DETAILED DESCRIPTION OF THE PREFERRED EMBODIMENT

Referring now to the drawings, and especially to FIG. 1, an article elevator which is a specific embodiment of the present invention is shown therein and is generally identified by the numeral 20. Article elevator 20, in this instance, is used to handle conventional lightweight drawn open ended aluminum alloy container bodies 22. Each container body 22 has an identical construction to each other container body. Each container body 22 has a right circular cylindrical sidewall 24 with an integrally formed bottom 26 and an open end opposite the bottom. The instant container body is a conventional and well known construction for use as a main body of a conventional and well known metal can which is ubiquitous throughout the country. The present elevator handles the container bodies with the bodies oriented in an attitude wherein the open end of each body is on the support for each body, as shown in FIG. 11. The orientation of the bodies allows lubricant used in the drawing process and residually carried by the bodies to run out of the bodies during the elevating process, thereby reducing the amount of residue required to be removed by a washing process.

Article elevator 20 includes a frame 28 with an input section 30 positioned at one end of the frame. An elevator section 32 is mounted on the frame with one end positioned adjacent to the input section. A discharge section 34 is also mounted on the frame and is positioned adjacent to another end of the elevator section. The discharge section, in this instance, is at a level twenty-four feet above the level of the input section. A drip pan 36 is mounted on the frame and extends the length of the frame beneath the input section, the elevator section, and the discharge section. The article elevator raises groups of open ended container bodies 22 from the input section to the discharge section where the bodies are discharged from the article elevator.

Frame 28 includes base sides 37 and 38 which have input section 30 secured thereto. Elevator supports 40 and 42 are connected to base sides 37 and 38, respectively. Elevator section 32 is attached to elevator supports and 40 and 42. Discharge section 34 is mounted on discharge beams 44 and 46 which are secured at their respective end to supports 40 and 42, respectively. Uprights 48 in cooperation with cross member 50 provide stability to frame 28.

Input section 30 includes a movable horizontal input surface specifically a conventional apertured conveyor input belt 52 which is driven by a conventional controlled source of power. The input section receives container bodies from one or more conventional body forming machines (not shown). A pair of parallel guide rails 54 and 56 keep container bodies 22 on the conveyor input belt when received from the forming machines. Bodies 22, as mentioned above, are each formed from a slug of aluminum alloy and drawn over a mandrel to form a unitary container body. Oil and water are used as lubricants during the forming process so that each of the container bodies arrives at the input section with some residue of oil and water on each body. The bodies are positioned on input belt 52 with the open ends of the bodies adjacent to the belt. The oil and water tend to run down the bodies to the belt. The apertures in the belt allow the oil and water to pass through the belt to the drip pan. The input belt 52 has its upper surface in a horizontal plane which forms a first level. The input belt extends to a lower apertured transfer conveyor belt 58 for carrying container bodies from the input section to the elevator section. Transfer belt 58 is driven by a conventional controlled power source at a rate comparable to the speed of the input belt so that there is a smooth transition by the container bodies from the input belt to transfer belt 58.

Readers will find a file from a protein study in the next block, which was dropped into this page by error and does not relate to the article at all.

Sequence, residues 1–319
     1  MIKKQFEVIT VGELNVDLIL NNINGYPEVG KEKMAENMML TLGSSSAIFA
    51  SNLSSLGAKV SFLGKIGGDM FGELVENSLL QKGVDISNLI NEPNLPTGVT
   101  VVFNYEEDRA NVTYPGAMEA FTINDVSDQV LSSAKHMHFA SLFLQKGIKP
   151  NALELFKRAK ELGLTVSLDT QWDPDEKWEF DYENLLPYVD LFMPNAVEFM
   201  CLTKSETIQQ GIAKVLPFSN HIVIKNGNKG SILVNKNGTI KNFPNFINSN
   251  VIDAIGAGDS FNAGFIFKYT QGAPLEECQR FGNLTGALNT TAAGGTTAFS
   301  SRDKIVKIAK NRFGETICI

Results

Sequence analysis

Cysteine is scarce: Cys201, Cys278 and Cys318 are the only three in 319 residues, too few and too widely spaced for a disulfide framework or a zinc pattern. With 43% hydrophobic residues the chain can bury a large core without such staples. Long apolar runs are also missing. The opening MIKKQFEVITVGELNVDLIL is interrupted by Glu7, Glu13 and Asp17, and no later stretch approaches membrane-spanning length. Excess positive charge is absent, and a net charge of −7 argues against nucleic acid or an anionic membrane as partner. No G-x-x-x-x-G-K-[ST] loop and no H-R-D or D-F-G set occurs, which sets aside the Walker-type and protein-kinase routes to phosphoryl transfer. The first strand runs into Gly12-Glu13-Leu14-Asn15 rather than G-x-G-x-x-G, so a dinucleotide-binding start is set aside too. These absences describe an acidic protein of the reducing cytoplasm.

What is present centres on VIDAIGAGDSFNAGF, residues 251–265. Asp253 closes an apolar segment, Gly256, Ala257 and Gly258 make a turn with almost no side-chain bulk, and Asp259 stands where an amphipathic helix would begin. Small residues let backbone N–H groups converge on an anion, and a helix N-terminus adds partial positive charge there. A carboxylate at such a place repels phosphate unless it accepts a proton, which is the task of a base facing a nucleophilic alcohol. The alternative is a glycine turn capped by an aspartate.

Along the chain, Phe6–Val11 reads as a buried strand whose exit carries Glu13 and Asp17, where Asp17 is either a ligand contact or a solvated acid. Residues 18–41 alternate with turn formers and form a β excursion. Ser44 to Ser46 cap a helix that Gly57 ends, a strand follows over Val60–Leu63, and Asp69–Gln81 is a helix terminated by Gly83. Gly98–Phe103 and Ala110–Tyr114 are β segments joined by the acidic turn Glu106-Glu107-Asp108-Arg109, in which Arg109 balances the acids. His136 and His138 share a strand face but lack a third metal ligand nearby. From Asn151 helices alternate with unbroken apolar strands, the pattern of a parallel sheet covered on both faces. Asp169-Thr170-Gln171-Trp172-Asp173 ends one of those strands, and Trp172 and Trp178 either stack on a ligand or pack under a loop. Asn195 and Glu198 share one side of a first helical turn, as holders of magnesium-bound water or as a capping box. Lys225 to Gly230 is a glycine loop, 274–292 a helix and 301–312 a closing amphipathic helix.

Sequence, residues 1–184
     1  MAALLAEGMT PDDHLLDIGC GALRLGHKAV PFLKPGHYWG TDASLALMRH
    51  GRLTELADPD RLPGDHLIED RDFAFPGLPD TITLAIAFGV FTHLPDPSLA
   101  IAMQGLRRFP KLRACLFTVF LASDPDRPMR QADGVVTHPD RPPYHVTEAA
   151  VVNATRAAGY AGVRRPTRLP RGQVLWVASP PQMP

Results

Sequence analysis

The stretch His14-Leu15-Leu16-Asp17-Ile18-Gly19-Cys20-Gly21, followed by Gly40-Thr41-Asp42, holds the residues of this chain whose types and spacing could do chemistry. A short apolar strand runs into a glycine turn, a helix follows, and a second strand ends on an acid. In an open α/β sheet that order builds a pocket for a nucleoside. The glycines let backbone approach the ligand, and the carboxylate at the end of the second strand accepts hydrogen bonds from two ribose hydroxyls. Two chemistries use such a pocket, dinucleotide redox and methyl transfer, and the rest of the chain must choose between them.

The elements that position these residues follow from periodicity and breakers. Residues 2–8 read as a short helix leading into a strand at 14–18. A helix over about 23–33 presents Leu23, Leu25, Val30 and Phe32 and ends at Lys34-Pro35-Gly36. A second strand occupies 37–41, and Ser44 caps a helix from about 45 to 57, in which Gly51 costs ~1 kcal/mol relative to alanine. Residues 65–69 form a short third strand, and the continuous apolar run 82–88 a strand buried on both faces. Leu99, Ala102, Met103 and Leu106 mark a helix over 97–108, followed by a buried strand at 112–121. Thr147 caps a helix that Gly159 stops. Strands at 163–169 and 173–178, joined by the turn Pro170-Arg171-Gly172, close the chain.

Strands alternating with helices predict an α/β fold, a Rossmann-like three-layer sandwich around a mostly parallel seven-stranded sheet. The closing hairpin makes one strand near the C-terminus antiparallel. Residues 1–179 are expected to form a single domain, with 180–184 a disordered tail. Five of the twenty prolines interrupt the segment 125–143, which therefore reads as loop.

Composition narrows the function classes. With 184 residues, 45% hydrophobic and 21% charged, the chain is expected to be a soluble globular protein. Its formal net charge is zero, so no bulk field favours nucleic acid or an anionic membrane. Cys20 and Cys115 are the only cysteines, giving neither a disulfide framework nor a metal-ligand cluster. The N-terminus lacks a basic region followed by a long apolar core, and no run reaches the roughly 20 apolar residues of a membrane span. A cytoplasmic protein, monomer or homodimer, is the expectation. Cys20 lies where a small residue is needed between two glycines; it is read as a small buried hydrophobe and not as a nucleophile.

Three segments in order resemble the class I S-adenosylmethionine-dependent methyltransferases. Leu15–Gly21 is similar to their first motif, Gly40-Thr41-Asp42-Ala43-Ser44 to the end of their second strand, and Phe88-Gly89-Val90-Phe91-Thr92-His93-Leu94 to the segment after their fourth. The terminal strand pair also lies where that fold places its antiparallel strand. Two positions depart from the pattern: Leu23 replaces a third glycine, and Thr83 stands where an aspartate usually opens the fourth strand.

The elevator section has a movable elevator surface specifically a conventional apertured conveyor elevator belt 60 driven by a conventional controlled power source. Elevator belt 60 is driven at a speed comparable with the speed of transfer belt 58 to have a smooth transfer of container bodies to the input end of the elevator section. The elevator belt is set at an angle of 110 to the upper horizontal surface of input belt 52. The angle of the elevator belt allows for maximum amount of vertical lift of the container bodies for the minimum amount of utilized horizontal space, but in keeping with the requirement to maintain the attitude of the bodies in an upright position relative to the belts. The elevator conveyor belt has a discharge end positioned adjacent to one end of an apertured upper transfer conveyor belt 62 which is driven by a conventional controlled power source. Transfer belt 62 is driven at a rate to receive container bodies from the elevator belt. The discharge section has a movable horizontal discharge surface specifically an apertured discharge conveyor belt 64. Belt 64 has one end positioned adjacent to the upper transfer belt to receive container bodies from the upper transfer belt. The discharge belt is driven by a conventional controlled source of power at a speed greater than the speed of the upper transfer belt and effectively faster than all the belt carrying the container bodies including the input belt. Discharge conveyor belt 64 has its upper surface in a horizontal plane parallel to the upper surface of input belt 52.